There is a deep symbolism in Bruce Springsteen’s Super Bowl commercial: The Middle. It’s just not the symbolism its creators intended.
The commercial starts with a video of The Boss with a dusty cowboy hat, in cowboy boots visiting what he tells us in the voiceover is a chapel in Kansas at the geographical center of the “lower 48.”
The symbolism is supposed to be in favor of some kind of centrism, a position that can save us from the partisan extremism of our politics. In the chapel, the voiceover tells us “all are more than welcome.”
What in the semiotic hell?
As the commercial suggests, Kansas is not the center of the United States. It only appears to be the center if you lop off Alaska and Hawaii. In fact, the phrase “lower 48” rhetorically eliminates Hawaii, which is geographically “lower” than the other 48 states to which it refers. The phrase only literally works as a callback to a time before 1959, when Hawaii became a state, significantly diversifying the United States both geographically and ethnically.
To focus on this might appear pedantic, but it’s really key to the symbolic train wreck that is this commercial. The imagined center is repeatedly constructed by cutting off the diversity of the United States.
Take the Chapel in which, supposedly “all are more than welcome.” It is clearly an explicitly Christian chapel. In fact, it features a cross set on top of a flag colored map of the “lower 48.” The symbolism screams Christian nationalism. How could this be symbolic of centrism in a religiously pluralistic society? Does The Boss really imagine that Jews, Muslims, Hindus, Sikhs, and on and on feeling welcome in this chapel? Or is this centrism, this apparent openness gained by first cutting off the diversity that truly marks the country?
Notably, the deeply Christian symbolism is repeated in a visual of a sun set seen through three crosses posted in what appears to be a Midwestern field, and in the voice over which assures us that we will be able to “make it to the mountain top through the desert” as Bruce prays and lights a candle in the chapel.
Or take again the opening scene, locating the center of our country in Kansas. The symbolism is of America as rooted in its rural farmland. At one point, Springsteen’s hand is seen reaching down to feel the dry soil of the prairie.
But Kansas is an absolutely awful symbol for centrism in American politics. Once a center of populist progressivism, Kansas has been transformed by the culture wars into a solidly red state. Trump won the county where the small chapel is with 83% of the vote. The state school board is infamous for repeatedly attempting to insinuate creationism into the state learning standards. Even when voting for Republicans is against their own interest, Kansans do so because they are triggered by the identity politics of the right. There’s even a book on it: What’s the Matter with Kansas? How Conservatives Won the Heart of America.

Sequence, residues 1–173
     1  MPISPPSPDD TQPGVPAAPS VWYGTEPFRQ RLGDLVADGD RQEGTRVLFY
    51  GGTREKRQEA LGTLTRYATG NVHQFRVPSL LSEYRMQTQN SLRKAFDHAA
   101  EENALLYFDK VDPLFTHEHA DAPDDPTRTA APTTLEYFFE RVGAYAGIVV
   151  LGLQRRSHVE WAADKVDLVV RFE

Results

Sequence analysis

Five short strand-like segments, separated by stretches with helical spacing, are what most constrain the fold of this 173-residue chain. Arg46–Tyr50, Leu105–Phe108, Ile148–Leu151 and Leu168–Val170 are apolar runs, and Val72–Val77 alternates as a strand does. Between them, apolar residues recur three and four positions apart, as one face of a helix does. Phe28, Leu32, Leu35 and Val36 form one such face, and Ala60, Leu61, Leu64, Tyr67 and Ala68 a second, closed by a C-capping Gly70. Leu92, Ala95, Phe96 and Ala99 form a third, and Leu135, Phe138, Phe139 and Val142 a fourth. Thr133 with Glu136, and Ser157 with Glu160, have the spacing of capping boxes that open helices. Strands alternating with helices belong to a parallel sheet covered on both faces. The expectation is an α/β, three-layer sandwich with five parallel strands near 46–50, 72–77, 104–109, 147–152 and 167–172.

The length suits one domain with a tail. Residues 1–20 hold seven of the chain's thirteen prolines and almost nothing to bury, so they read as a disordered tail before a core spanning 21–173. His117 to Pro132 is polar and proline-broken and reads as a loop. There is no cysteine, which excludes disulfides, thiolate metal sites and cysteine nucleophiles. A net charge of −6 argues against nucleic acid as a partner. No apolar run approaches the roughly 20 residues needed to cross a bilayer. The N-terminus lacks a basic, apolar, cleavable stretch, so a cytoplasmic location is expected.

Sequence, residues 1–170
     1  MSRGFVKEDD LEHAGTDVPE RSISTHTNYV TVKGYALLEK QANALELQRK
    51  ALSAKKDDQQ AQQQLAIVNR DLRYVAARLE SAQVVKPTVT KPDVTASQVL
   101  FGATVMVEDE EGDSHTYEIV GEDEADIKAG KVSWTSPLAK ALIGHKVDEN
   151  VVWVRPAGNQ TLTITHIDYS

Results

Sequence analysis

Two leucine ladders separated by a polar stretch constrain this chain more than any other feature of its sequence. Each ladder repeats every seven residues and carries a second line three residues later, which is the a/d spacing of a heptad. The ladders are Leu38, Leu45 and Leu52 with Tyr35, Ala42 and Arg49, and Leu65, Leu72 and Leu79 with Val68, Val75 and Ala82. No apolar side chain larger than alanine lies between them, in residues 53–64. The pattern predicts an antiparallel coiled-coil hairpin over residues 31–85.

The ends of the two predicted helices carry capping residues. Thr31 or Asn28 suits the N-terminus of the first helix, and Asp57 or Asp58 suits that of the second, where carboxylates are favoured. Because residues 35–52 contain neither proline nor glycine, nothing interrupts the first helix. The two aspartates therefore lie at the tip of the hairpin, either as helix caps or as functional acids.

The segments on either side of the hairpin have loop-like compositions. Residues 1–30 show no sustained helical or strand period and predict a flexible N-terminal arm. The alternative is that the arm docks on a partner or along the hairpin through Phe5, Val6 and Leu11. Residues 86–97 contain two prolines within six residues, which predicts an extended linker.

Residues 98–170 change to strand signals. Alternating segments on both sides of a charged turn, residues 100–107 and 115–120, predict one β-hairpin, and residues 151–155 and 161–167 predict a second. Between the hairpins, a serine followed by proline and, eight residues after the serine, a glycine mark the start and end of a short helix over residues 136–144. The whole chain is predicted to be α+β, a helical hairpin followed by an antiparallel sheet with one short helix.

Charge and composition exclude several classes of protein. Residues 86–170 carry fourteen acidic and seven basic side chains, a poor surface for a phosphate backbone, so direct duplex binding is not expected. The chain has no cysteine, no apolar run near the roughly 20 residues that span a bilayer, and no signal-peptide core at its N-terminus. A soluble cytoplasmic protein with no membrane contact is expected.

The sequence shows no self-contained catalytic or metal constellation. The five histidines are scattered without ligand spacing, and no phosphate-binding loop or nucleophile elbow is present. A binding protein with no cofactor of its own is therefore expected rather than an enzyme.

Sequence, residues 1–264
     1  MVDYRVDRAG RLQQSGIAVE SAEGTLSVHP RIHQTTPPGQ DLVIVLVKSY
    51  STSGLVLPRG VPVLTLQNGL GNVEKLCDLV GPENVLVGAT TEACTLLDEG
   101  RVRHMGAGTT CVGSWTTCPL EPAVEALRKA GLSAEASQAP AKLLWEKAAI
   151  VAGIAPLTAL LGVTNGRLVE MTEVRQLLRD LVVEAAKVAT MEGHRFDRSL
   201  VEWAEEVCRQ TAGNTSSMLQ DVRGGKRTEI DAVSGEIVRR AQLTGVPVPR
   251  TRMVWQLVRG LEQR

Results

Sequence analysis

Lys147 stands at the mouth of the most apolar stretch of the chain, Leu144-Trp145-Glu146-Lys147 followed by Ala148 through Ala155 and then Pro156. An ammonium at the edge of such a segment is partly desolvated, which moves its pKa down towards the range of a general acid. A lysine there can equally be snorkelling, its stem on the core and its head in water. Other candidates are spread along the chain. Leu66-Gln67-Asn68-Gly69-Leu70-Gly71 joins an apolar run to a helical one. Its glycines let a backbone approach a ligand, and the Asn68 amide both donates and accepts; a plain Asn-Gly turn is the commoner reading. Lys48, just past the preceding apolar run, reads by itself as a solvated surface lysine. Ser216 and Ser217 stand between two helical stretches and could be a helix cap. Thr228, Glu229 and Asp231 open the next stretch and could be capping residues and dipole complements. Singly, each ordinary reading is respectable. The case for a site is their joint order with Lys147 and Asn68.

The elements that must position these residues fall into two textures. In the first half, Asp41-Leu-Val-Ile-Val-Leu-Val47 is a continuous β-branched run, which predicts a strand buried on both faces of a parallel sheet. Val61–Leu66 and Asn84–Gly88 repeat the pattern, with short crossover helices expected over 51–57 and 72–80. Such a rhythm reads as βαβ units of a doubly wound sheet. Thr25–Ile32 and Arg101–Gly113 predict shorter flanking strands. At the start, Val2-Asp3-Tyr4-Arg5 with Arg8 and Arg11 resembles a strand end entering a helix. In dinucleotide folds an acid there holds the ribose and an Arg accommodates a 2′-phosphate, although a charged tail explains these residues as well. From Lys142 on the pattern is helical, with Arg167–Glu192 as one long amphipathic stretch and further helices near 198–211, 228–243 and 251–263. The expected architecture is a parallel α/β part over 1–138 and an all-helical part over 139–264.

Demographic lines between urban and rural, white and non-white, male and female, college educated and not college educated mark the partisan divide in America. This commercial somehow finds a “middle” of the country that is rural, white, male, and not college educated. The only image of a non-white person (or really anyone other than Bruce) is in a two second clip of a black woman seen through the window of what looks like a 1950s diner set in a rural town.
A jaunt over to the website for the ad campaign provides no further information on the commercials political symbolism and how it is to be related to unity. For Jeep it is clear that this was just a way to sell products. Springsteen’s manager confirms that The Boss was involved in editing “every shot” of the commercial. When confronted with the reality that some non-Christians feel excluded by the commercial he responded that “The narrative was built around a specific church in a specific place, so we did what the context called for. To me, this film is the most spiritual commercial I’ve ever seen. Despite the presence of the church, it is intended to be spiritual, not exclusionary, that’s for sure.”
Taking him at his word, we have to be fascinated that no one ever questioned the context of the commercial to begin with and amazed as the blinding privilege that allows even well intentioned members of a dominant class to identify political and cultural unity so securely to their own particularity that they are unable to realize that it does not represent the diverse reality of the country in which they live. The commercial then stands as a reminder to be suspicious of calls to “the center” in a country that has lurched so far to the white, Christian nationalist right-wing it is able to think that this is the middle.